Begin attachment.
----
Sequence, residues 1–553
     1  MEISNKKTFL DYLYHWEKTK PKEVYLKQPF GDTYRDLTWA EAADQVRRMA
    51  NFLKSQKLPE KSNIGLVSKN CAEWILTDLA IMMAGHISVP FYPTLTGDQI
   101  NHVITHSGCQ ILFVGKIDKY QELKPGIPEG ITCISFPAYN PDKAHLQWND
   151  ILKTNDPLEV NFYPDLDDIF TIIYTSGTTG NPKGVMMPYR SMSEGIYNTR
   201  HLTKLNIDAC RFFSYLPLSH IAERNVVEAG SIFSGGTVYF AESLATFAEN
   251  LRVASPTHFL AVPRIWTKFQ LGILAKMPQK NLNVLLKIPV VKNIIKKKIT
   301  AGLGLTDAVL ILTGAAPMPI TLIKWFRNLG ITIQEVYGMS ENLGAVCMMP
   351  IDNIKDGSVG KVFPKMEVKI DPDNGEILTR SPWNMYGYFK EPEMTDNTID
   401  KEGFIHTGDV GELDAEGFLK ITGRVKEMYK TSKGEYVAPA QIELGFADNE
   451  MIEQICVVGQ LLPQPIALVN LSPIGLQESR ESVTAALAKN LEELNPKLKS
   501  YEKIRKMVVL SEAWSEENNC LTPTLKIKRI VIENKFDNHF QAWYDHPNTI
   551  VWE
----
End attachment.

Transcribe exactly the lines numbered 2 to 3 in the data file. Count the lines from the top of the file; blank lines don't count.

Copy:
     1  MEISNKKTFL DYLYHWEKTK PKEVYLKQPF GDTYRDLTWA EAADQVRRMA
    51  NFLKSQKLPE KSNIGLVSKN CAEWILTDLA IMMAGHISVP FYPTLTGDQI